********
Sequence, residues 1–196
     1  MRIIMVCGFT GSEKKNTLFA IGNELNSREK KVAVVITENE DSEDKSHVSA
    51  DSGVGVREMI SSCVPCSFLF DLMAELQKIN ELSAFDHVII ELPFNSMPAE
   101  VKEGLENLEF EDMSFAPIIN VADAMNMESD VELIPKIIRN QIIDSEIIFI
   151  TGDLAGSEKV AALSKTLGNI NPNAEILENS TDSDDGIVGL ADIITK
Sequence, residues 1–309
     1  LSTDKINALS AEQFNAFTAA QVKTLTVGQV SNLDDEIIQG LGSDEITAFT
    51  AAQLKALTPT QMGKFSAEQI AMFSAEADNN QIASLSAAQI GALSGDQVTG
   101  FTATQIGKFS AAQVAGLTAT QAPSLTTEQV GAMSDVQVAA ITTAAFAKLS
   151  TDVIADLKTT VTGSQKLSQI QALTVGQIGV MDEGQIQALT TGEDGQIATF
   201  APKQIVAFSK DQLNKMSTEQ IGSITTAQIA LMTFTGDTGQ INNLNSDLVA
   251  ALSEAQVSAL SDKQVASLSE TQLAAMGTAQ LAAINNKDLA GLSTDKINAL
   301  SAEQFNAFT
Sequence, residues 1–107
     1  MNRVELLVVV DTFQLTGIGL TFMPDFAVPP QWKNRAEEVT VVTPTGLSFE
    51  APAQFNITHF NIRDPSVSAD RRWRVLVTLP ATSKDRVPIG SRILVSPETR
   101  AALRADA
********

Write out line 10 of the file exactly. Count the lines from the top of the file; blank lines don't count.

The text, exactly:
   151  TDVIADLKTT VTGSQKLSQI QALTVGQIGV MDEGQIQALT TGEDGQIATF